Are smart grids the answer to India’s power crisis?
Utilizing the Internet of Things, information and communication technologies, and cloud computing would lead to greater power grid automation and more efficient management of energy.
Power is critical to the growth and development of India. Uninterrupted electricity supply is essential to sustain the high trajectory growth of the country and every industry depends on it. Besides, millions of people in India have no access to electricity, with more than 40 percent households going without power. This translates roughly into 400 million people having no access to power. Initiatives such as Digital India and Smart City depend on consistent power supply. The very concept of a smart city is based on adequate energy supply.
Utilizing the Internet of Things, information and communication technologies, and cloud computing would lead to greater power grid automation and more efficient management of energy. It would lead to better services and products for the common consumer as well as better optimization of the entire power supply chain as the available natural resources are already depleting fast.
Power wastage in India
According to industry experts, the biggest contributing factor to India’s energy crisis is not insufficient generation but colossal wastage that takes place during transmission and usage. They say that if transmission losses, which stand at 40-48 percent as opposed to the world standard of 8 percent, are controlled then the power shortage could be managed. According to another estimate, the World Resources Institute pegs losses due to electricity transmission and distribution (T&D) in India at around 27 percent—the highest in the world. This translates into the loss of millions of tons of coal and billions of cubic meters of natural colossal—fossil fuels that were used to generate power and the huge pollution that resulted from the production.
In our quest for a cleaner environment, such colossal pollution will have to be eliminated. This can only happen if the immense power losses are minimized.
Smart reduction of power losses
Smart Grids are enabled with integrated controls, automation and new technologies such as connected sensors to help efficient power transmission, faster restoration of electricity after outages, reduced operation and management expenses and integration of energy systems based on renewable sources of energy such as wind and solar energy. Thus, they help in saving and managing energy while reducing dependency on fossil fuels.
Digital substations are the future
Along with Smart Grids, digital substations would enable smarter power systems, by bringing about the complete digital transformation of the power sector in India. With renewable energy sector growing rapidly, power generation would be distributed over multiple locations; thus, effectively replacing the conventional model of one-way electricity flow by multidirectional flow, leading to more intelligent energy management. A digital substation would necessitate high-tech monitoring, and communication and control systems throughout the power generation chain, transmission, distribution, storage and consumption, leading to a smarter and more automated power system.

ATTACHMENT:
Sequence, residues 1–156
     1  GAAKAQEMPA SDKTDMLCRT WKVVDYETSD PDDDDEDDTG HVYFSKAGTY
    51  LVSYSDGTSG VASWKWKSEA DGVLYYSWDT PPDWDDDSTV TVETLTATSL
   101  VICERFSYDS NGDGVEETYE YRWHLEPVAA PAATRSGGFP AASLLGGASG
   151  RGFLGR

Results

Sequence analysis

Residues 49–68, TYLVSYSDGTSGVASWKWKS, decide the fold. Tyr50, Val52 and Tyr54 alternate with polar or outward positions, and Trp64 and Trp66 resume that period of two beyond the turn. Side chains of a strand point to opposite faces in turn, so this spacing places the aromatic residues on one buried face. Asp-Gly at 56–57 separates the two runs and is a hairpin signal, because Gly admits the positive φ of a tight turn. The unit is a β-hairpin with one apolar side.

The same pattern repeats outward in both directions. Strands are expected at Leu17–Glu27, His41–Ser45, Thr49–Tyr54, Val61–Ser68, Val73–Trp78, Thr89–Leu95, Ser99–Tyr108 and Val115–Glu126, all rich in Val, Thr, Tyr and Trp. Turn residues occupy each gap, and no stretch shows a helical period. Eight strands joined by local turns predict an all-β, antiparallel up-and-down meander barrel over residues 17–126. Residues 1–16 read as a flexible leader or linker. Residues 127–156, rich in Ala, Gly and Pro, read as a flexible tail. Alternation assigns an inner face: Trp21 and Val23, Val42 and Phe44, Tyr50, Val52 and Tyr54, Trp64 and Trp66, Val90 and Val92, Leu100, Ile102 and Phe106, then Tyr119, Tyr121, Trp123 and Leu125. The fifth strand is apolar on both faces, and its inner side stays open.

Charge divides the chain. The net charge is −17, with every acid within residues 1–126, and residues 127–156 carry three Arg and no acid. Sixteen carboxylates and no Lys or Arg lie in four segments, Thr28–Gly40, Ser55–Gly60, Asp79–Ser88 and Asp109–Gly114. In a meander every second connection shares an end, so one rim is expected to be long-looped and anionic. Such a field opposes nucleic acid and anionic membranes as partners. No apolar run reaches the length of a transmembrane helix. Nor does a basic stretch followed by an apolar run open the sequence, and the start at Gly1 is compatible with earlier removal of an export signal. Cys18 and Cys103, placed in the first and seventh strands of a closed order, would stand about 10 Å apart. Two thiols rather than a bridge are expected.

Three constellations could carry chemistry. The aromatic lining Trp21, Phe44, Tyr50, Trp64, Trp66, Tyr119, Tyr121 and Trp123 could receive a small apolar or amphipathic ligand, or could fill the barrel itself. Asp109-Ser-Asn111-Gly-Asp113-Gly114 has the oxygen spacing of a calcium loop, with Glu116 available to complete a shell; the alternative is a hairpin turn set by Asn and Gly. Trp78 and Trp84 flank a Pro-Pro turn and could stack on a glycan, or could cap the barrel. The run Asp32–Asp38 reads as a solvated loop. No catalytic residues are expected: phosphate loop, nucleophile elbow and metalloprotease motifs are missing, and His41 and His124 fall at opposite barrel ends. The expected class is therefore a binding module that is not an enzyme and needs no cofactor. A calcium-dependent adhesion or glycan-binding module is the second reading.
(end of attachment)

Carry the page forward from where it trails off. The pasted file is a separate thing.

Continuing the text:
A typical digital substation includes digital communications via fiber optic cables, replacing the customary copper connections utilizing analogue signals. It would enable greater flexibility, availability and safety in the power sector. At the same time, it would reduce costs, risk and impact on the environment. Intelligent Electronic Devices (IEDs) along with integrated communication technology are provided in a digital substation. An IED is a microprocessor-based control and protection device that is used for power equipment, including transformers, circuit breakers, and capacitor banks. The overall increased input of data in a digital substation would pave the way for more sophisticated diagnostics, protection, monitoring, as well as optimization of assets.
The way forward
Fossil fuels such as coal and natural gas are depleting fast and developing countries will have to find alternative sources to energy to meet their requirements. This is particularly true for countries that are short on natural resources. They must leverage modern technology for a sustainable and green future.
The author is a technology evangelist and blogger.
Disclaimer: This article is published as part of the IDG Contributor Network. The views expressed in this article are solely those of the contributing authors and not of IDG Media and its editor(s).